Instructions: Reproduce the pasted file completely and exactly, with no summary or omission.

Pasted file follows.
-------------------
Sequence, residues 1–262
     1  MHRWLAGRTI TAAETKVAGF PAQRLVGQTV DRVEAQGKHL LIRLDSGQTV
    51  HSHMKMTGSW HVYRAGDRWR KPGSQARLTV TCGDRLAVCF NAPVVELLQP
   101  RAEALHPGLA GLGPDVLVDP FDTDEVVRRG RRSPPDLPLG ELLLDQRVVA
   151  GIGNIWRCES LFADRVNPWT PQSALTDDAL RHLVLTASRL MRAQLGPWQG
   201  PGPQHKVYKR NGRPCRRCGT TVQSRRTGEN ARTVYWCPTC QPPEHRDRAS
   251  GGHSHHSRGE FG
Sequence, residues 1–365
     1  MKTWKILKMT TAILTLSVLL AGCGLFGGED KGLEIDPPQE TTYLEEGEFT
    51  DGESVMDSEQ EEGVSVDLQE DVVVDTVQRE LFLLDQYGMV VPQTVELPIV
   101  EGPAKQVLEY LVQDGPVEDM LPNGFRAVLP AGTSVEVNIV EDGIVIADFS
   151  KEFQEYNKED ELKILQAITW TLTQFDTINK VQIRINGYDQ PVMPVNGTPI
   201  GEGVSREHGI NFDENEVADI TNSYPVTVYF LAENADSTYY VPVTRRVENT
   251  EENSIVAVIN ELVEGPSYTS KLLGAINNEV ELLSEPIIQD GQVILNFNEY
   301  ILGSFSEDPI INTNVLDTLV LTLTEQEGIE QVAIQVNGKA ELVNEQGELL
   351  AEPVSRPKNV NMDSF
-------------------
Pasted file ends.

Sequence, residues 1–262
     1  MHRWLAGRTI TAAETKVAGF PAQRLVGQTV DRVEAQGKHL LIRLDSGQTV
    51  HSHMKMTGSW HVYRAGDRWR KPGSQARLTV TCGDRLAVCF NAPVVELLQP
   101  RAEALHPGLA GLGPDVLVDP FDTDEVVRRG RRSPPDLPLG ELLLDQRVVA
   151  GIGNIWRCES LFADRVNPWT PQSALTDDAL RHLVLTASRL MRAQLGPWQG
   201  PGPQHKVYKR NGRPCRRCGT TVQSRRTGEN ARTVYWCPTC QPPEHRDRAS
   251  GGHSHHSRGE FG
Sequence, residues 1–365
     1  MKTWKILKMT TAILTLSVLL AGCGLFGGED KGLEIDPPQE TTYLEEGEFT
    51  DGESVMDSEQ EEGVSVDLQE DVVVDTVQRE LFLLDQYGMV VPQTVELPIV
   101  EGPAKQVLEY LVQDGPVEDM LPNGFRAVLP AGTSVEVNIV EDGIVIADFS
   151  KEFQEYNKED ELKILQAITW TLTQFDTINK VQIRINGYDQ PVMPVNGTPI
   201  GEGVSREHGI NFDENEVADI TNSYPVTVYF LAENADSTYY VPVTRRVENT
   251  EENSIVAVIN ELVEGPSYTS KLLGAINNEV ELLSEPIIQD GQVILNFNEY
   301  ILGSFSEDPI INTNVLDTLV LTLTEQEGIE QVAIQVNGKA ELVNEQGELL
   351  AEPVSRPKNV NMDSF